Let’s face it. The Fed raised rates in June 2018, and it may not be the last time this year. The more banks we visit, the more we realize that banks have been very relaxed in their approach to Interest Rate Risk (IRR) assumptions. They’ve been equally or even more relaxed to having an independent review of the IRR function.
Utilizing an IRR model is foundational to making data-driven decisions for changing loan and deposit rates. When the Interagency Guidance on Internet Rate Risk was published in 2010, it required banks to validate their IRR model with the following decree:
“Validating IRR models is a fundamental part of any institution’s system of internal controls. An important element of model validation is independent review of the logical and conceptual soundness. The scope of the independent review should involve assessing the institution’s measurement of IRR, including the reasonableness of assumptions, the process used in determining assumptions, and the backtesting of assumptions and results.”
We won’t blame you if you forgot all about this. It’s easy to publish something in 2010, only for rates to stay put for six years. It’s hard to institutionalize it and give it much credence.
Now that banks are facing increasing rates, the need for an independent review is the highest it has been since that Interagency Guidance was released.
Here are three reasons why you should get an independent review of your IRR immediately:
1. Banks are facing a flattening yield curve
It’s old news by now that the Fed raised the Fed Funds rate to a target range of 1.75-2.00% in mid-June 2018. It was the sixth rate increase since December 2016, and all indications are that two more increases are likely this year. The era of cheap funding is over in most markets, and we are looking at a flattening yield curve dead in the eyes. The gap between the Fed Funds target and the 10-year Treasury rate has shrunk considerably since December 2016:
This flattening of the yield curve is impacting community banks’ net interest margins. This also makes the decisions that come out of Asset/Liability Committee (ALCO) all that more important to get right. How much should we raise deposit rates? What deposit products should we increase? When should we do it? How long is too long for fixed loan rates?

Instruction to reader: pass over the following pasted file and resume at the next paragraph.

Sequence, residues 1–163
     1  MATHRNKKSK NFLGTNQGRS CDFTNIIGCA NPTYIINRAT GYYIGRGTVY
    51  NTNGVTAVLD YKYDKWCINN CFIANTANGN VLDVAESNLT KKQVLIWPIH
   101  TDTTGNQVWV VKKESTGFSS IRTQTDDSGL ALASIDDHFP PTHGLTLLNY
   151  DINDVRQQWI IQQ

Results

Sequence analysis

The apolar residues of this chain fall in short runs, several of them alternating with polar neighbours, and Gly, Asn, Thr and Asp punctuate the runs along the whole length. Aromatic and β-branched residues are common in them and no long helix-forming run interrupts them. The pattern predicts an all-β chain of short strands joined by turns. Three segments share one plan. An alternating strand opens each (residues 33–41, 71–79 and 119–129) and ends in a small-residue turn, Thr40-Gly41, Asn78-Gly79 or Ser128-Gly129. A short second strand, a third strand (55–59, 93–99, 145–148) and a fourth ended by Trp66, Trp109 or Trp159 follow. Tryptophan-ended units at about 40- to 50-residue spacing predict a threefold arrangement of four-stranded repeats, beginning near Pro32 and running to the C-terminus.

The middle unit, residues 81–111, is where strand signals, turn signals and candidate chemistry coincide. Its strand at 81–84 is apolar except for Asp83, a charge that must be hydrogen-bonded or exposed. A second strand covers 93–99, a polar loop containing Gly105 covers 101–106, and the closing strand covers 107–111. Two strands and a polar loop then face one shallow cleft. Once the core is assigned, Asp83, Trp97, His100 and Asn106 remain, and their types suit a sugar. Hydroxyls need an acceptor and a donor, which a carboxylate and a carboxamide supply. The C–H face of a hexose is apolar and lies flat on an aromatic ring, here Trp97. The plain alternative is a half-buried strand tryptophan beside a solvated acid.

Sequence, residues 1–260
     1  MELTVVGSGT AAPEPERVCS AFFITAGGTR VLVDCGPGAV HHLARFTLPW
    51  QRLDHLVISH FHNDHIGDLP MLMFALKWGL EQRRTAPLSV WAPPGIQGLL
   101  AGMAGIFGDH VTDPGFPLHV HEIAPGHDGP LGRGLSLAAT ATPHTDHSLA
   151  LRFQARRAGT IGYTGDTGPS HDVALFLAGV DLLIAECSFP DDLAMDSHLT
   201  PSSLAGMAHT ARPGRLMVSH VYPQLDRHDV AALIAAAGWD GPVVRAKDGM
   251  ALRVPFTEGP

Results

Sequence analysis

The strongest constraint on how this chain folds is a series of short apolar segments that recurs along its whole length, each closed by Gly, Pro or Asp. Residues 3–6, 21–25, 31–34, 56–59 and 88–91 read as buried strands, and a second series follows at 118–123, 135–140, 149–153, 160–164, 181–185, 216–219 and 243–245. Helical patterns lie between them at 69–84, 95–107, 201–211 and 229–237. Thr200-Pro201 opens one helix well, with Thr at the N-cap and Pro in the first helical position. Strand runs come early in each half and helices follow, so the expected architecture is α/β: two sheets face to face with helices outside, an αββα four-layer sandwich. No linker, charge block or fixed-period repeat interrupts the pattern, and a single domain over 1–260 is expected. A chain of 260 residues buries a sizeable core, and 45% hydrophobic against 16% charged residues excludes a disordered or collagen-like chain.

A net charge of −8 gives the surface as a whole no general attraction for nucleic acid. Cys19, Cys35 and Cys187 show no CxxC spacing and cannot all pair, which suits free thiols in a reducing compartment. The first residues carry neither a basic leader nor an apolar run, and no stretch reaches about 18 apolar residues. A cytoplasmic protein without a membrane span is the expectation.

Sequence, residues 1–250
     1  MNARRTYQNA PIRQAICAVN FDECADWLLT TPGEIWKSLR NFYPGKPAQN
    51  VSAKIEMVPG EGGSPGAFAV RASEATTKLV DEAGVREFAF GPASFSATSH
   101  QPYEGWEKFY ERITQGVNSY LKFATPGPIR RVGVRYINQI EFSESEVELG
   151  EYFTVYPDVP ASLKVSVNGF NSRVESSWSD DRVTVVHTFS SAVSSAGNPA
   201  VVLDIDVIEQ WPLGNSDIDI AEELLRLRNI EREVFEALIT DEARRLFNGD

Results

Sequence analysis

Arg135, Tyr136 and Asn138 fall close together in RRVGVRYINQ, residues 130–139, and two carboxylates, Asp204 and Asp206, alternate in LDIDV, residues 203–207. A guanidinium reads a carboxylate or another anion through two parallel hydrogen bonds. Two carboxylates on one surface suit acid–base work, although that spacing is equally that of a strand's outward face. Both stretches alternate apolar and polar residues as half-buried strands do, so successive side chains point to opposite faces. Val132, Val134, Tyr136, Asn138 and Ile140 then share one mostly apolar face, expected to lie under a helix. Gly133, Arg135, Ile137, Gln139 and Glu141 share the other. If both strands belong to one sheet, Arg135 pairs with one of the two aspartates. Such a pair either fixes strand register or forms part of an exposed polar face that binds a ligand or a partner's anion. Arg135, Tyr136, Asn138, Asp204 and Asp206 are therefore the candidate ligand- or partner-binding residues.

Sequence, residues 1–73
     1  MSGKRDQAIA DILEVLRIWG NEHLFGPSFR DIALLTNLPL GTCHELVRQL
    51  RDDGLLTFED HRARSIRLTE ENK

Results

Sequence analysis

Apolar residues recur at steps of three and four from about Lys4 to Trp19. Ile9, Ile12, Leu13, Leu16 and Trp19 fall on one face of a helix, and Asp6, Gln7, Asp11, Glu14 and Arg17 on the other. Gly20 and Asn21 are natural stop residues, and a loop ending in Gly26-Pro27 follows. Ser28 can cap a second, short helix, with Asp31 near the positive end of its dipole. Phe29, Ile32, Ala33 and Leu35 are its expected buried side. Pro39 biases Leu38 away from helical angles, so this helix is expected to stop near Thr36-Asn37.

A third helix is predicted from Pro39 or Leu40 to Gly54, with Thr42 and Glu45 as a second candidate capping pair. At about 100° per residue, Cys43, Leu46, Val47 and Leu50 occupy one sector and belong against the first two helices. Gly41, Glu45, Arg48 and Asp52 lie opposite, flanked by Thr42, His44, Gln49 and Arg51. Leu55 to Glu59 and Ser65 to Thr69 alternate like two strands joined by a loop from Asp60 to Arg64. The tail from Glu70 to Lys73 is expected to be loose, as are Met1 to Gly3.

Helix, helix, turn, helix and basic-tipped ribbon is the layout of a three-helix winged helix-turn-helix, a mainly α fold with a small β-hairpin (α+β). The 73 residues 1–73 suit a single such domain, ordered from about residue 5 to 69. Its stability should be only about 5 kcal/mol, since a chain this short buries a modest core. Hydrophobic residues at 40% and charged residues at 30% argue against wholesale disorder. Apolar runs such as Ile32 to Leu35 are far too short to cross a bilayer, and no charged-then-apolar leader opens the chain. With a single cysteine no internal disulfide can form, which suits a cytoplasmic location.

The problem is you’ll never get the answers to these questions 100% correct. However, you can make strong informed decisions by utilizing your IRR model, if we have good assumptions. Speaking of…
2. Your assumptions may be wrong and you not even know it
While the Fed has raised rates from 0.50% to 2.00% in the last 18 months, it went SEVEN YEARS without changing the Fed Funds rate from 2008 to 2015.
Even in December 2015, it raised the rate only a quarter of a percent. So from 2008 to 2016, your bank’s assumptions could be incorrect and chances are it had little impact on your IRR model forecasts because rates were not moving.
It is a different story now.
With rates changing, the inaccuracy of your IRR assumptions are being magnified and will impact the decisions you make.
The independent review is the set of checks and balances to help ensure your IRR assumptions can be relied upon by your ALCO and Board. It is prudent risk management. It’s also a regulatory requirement.
3. If you don’t have an independent review, count on an MRIA or MRA on your next exam
The Interagency Guidance requires a bank to have an independent review performed. It should be an annual review to accompany the annual backtest of your IRR model.
When rates were not changing, there was leniency among the regulatory agencies regarding enforcement of this Interagency requirement. Now that rates are moving, the first question examiners are asking when they review sensitivity to market risk is “Can you provide a copy of your most recent independent review?”
We’re passionate about community banks and we don’t want this issue to catch you by surprise. Give us a call or send us an email to discuss this issue with a Community Bank Advisors team member. We’ll work with your bank leadership to have you prepared for your next exam.